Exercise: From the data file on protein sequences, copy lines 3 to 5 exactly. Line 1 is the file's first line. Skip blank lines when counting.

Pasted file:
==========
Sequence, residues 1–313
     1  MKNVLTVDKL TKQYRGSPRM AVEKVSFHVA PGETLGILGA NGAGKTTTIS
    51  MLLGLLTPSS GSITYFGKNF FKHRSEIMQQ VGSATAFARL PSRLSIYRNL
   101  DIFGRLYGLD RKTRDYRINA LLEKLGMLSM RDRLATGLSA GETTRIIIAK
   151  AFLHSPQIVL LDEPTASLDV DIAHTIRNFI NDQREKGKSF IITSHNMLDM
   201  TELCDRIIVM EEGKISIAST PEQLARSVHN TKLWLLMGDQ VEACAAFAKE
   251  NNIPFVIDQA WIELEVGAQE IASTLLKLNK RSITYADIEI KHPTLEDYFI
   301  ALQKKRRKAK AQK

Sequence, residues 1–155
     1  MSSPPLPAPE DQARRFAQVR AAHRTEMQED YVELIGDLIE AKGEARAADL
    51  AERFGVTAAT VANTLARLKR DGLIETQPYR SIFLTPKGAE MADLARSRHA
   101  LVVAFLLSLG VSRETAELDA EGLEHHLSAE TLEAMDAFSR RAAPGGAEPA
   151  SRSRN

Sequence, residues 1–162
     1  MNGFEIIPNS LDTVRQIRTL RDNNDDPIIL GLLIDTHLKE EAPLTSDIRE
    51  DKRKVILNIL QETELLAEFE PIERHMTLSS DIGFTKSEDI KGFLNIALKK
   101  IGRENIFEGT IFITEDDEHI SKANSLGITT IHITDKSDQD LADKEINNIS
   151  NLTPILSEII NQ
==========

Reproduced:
    51  MLLGLLTPSS GSITYFGKNF FKHRSEIMQQ VGSATAFARL PSRLSIYRNL
   101  DIFGRLYGLD RKTRDYRINA LLEKLGMLSM RDRLATGLSA GETTRIIIAK
   151  AFLHSPQIVL LDEPTASLDV DIAHTIRNFI NDQREKGKSF IITSHNMLDM